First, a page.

Bureau of Indian Education (BIE)

The Bureau of Indian Education (BIE) is charged with providing quality education opportunities from early childhood through adulthoodin accordance with the federal trust responsibility. The BIE funds and operates a total of 183 elementary, secondary, residential, and peripheral dormitories across 23 states. Currently housed within the Department of Interior, the BIE was originally created by the Department of War in the mid-19th century. Since that time, the BIE has overseen the nation’s legacy of Indian boarding schools and federally-funded schools, which now serve approximately 8% of American Indian students.

To learn more about the BIE, please visit their website at www.bie.edu.



NIEA works with the BIE to ensure the agency fulfills the federal trust relationship and supports the approximately 48,000 American Indian students in Bureau-funded schools across the country.


Since 2014, the BIE has been undergoing changes to streamline federal processes and education services. Following the formation of an American Indian Education Study Group to assess federal failures within Bureau-funded schools, the BIE released a “Blueprint for Reform” to realign Bureau resources to build tribal capacity in schools.

As part of this process, BIE is developing a new strategic plan to govern the Bureau’s mission, structure, and services for Native students. Following the release of a draft plan in fall 2017, BIE officials requested public comment and announced upcoming tribal consultation sessions scheduled for 2018. Strategic planning and reform within the BIE will have significant implications for Native students and sovereignty.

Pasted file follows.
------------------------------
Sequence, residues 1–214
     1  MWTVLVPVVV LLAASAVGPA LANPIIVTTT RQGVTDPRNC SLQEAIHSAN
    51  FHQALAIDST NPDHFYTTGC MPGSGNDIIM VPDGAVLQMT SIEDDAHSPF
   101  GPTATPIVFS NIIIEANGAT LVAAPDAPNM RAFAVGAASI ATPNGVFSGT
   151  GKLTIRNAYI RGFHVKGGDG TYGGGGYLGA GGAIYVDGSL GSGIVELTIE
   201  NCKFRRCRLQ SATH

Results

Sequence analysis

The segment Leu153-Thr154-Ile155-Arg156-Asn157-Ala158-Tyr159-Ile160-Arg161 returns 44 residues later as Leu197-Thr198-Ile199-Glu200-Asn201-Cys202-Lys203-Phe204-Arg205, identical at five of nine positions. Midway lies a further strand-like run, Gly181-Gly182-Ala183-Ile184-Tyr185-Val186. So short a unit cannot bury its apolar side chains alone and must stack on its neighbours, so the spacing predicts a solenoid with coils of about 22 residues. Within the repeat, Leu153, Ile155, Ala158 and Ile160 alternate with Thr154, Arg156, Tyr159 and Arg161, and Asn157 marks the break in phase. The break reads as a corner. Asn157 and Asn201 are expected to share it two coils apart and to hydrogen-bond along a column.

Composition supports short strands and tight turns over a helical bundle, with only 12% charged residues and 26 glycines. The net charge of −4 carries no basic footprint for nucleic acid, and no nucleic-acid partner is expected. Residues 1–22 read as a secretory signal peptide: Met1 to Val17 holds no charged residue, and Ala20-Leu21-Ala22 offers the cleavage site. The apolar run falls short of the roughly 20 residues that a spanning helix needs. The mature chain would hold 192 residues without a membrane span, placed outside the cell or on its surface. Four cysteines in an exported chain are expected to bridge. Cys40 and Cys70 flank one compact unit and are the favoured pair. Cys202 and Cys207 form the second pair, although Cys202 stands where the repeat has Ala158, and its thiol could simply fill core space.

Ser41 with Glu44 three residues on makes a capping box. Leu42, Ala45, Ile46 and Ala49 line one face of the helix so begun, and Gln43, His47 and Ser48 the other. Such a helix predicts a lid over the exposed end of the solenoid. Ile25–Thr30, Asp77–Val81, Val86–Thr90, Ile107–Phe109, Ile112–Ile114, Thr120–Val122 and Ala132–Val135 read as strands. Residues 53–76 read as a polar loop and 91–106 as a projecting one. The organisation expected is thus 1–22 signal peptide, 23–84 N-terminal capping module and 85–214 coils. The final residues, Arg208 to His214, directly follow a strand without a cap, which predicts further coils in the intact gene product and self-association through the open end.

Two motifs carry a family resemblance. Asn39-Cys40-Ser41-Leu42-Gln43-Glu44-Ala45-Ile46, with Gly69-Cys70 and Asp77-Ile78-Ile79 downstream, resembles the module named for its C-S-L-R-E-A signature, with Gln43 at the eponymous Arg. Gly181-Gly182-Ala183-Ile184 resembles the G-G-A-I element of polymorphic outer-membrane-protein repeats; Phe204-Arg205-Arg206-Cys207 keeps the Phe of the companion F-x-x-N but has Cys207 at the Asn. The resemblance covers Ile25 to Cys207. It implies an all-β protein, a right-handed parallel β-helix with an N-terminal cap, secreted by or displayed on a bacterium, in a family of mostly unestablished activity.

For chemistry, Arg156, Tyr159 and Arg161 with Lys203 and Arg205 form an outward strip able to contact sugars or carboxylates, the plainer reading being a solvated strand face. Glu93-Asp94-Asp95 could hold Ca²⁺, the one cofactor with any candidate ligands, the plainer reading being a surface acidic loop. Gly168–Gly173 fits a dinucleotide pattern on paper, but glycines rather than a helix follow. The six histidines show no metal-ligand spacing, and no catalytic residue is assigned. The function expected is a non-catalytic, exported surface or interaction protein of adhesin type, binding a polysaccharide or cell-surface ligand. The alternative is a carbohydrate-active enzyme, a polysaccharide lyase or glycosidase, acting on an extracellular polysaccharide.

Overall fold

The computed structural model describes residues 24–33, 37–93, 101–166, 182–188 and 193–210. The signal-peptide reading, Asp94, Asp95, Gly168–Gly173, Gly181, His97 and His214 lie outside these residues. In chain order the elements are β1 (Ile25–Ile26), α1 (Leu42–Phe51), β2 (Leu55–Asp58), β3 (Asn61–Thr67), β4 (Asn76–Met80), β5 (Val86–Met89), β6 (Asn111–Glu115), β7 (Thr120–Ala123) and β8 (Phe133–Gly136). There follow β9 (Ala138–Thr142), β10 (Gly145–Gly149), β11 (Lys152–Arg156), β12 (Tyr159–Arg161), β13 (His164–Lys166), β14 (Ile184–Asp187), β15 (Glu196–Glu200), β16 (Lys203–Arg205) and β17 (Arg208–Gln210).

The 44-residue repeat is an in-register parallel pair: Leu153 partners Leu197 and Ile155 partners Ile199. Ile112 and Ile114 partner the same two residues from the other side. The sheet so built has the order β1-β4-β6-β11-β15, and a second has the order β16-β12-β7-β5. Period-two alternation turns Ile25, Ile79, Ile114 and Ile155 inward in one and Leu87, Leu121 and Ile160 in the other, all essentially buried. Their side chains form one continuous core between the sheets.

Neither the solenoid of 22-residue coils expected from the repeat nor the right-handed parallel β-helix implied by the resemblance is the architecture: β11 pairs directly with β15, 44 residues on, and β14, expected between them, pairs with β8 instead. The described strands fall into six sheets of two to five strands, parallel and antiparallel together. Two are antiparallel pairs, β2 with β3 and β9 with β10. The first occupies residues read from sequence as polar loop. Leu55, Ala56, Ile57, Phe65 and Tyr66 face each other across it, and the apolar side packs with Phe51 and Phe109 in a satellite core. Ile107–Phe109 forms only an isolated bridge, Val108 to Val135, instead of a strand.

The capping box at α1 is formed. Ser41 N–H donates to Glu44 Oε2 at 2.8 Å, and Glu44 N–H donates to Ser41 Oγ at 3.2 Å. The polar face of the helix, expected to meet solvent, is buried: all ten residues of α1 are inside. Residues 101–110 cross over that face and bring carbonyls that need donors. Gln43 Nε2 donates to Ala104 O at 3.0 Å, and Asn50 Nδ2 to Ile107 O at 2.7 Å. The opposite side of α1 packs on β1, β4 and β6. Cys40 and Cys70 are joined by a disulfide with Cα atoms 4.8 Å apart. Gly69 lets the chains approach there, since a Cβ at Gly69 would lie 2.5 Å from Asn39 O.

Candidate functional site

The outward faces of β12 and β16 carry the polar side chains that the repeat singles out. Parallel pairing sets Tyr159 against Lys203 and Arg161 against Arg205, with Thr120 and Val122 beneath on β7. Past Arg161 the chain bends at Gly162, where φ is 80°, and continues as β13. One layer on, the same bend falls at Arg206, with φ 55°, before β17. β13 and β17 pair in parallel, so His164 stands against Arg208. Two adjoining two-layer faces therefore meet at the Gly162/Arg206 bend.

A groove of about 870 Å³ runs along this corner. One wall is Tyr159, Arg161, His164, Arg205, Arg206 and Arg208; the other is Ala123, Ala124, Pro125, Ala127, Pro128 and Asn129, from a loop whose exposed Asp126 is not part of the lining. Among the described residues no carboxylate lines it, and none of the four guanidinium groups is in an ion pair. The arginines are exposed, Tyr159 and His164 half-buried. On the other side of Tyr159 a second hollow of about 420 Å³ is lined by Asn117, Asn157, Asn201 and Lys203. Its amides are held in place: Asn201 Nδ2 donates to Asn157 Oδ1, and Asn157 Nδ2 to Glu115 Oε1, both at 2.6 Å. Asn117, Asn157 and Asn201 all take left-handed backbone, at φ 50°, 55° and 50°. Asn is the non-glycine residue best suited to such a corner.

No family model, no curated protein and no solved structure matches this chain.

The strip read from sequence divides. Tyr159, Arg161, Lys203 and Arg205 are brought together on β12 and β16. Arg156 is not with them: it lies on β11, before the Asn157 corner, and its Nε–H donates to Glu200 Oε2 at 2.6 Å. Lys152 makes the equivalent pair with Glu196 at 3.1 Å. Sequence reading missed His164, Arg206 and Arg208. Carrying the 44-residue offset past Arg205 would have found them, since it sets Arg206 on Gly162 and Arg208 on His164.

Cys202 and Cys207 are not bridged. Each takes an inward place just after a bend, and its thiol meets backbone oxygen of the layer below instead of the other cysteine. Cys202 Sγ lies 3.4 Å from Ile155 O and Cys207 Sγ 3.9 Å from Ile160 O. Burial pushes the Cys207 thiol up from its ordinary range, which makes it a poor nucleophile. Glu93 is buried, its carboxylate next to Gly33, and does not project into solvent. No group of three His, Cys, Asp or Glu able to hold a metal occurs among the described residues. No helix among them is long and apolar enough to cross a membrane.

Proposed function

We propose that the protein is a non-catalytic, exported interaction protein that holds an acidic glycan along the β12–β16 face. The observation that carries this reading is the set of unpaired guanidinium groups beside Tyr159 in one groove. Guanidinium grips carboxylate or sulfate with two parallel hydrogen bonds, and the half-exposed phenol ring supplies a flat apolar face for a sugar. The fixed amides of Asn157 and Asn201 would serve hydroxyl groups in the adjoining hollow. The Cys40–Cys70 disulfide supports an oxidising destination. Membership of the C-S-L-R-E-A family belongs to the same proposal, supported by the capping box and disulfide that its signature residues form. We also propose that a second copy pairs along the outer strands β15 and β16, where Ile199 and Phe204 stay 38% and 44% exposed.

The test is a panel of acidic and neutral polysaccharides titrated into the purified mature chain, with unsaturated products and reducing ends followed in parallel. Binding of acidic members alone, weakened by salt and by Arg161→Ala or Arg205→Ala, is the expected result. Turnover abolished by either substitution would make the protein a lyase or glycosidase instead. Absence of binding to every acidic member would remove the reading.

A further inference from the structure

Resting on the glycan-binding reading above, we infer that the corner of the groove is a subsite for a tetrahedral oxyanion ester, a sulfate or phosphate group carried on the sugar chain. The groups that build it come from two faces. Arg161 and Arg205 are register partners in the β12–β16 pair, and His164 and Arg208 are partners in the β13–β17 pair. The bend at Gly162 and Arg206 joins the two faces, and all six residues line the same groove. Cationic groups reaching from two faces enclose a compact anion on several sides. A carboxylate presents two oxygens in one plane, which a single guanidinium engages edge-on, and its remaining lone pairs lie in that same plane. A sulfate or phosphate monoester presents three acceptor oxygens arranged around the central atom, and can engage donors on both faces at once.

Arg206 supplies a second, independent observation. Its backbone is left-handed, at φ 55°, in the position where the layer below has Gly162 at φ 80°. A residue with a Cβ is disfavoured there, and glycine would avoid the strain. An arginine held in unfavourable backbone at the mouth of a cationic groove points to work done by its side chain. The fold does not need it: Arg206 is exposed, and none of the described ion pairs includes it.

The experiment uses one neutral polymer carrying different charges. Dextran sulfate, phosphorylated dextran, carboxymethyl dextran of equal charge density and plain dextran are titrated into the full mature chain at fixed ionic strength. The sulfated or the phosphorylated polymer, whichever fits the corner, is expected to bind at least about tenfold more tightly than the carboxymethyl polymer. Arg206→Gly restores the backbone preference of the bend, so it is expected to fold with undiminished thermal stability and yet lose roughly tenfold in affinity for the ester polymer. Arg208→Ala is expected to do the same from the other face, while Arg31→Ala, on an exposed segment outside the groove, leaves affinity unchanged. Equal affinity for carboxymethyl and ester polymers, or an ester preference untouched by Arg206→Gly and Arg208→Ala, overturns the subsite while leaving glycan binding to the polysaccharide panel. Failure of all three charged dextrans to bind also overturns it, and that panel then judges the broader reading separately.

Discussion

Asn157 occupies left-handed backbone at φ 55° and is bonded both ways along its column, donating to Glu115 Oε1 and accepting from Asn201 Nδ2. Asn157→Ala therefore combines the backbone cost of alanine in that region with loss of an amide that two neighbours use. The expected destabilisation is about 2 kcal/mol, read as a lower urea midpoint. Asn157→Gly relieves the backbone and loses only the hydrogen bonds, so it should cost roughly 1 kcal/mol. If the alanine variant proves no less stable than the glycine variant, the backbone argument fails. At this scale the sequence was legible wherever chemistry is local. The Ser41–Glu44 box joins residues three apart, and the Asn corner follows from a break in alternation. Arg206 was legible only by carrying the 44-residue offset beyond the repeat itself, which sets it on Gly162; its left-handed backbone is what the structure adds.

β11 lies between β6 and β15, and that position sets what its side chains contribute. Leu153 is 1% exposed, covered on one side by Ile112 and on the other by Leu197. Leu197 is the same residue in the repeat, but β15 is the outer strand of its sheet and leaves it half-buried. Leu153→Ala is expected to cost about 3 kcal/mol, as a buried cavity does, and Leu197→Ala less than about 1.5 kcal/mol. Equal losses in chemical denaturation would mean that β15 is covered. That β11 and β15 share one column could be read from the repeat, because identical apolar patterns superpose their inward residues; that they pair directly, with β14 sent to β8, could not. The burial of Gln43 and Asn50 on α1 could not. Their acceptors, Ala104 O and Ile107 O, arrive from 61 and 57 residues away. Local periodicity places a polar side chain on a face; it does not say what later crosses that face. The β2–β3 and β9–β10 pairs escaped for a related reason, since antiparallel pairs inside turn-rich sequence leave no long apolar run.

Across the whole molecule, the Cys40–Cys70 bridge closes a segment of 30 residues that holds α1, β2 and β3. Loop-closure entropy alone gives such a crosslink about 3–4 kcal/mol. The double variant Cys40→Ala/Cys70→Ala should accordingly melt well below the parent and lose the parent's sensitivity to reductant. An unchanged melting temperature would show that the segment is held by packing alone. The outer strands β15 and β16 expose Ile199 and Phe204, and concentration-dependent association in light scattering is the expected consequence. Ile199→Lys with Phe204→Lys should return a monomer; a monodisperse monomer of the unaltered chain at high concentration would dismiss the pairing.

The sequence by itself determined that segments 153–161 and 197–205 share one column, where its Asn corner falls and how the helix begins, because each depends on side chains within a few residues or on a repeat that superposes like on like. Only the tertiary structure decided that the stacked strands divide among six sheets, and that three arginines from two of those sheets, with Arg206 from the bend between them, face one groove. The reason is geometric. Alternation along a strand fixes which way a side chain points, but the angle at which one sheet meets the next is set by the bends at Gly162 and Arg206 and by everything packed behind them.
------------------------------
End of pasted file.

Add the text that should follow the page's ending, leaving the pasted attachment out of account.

Under the Every Student Succeeds Act (ESSA), the BIE is required to develop a state plan to implement the law in Bureau-funded schools. Under this plan, the BIE must update regulations for standards, assessments, and accountability systems to meet current federal requirements. In preparation for this process, the BIE has put out a call to request nominations for a “Negotiated Rulemaking Committee.” This committee will consider regulations under the Every Student Succeeds Act, which will be implemented in the 2018-2019 school year.


In February 2017, the U.S. Government Accountability Office (GAO) added Indian education to the list of high risk federal programs, prompting congressional review of challenges to Native education within the BIE. Since the GAO published the high risk list, the Senate Committee on Indian Affairs has hosted hearings to track progress on key issues raised within the report, including federal oversight of Bureau functions, condition of school facilities, and vacancies within the educator and administrative workforce.


Tribal leaders and Native education advocates have long decried the condition of school facilities within the BIE system. Through our work with tribal leaders, congressional appropriators, and education partners, NIEA calls for funding the critical construction and repairs needed to make BIE schools safe and conducive to student success are gaining momentum. In our 2017 report , NIEA details key health and safety issues that students, educators, and administrators face in BIE schools.


Recent teacher vacancies across the United States have resulted in teacher shortages for schools located states with high Native populations, including North Dakota, where the governor declared “critical shortage area” in 2016. A federal hiring freeze in 2017 exacerbated the issue within Bureau-funded schools.

NIEA has established two programs to combat teacher shortages in BIE schools. Launched in February 2017, our Campaign for Teachers of Native Students has broughttogether tribal leaders and educators to advocate for policies and programs that expand recruitment, training and retention of teachers in high Native population areas. Additionally, NIEA has partnered with The New Teacher Project (TNTP) to launch a teacher recruitment website to fill vacancies in schools with high Native student populations.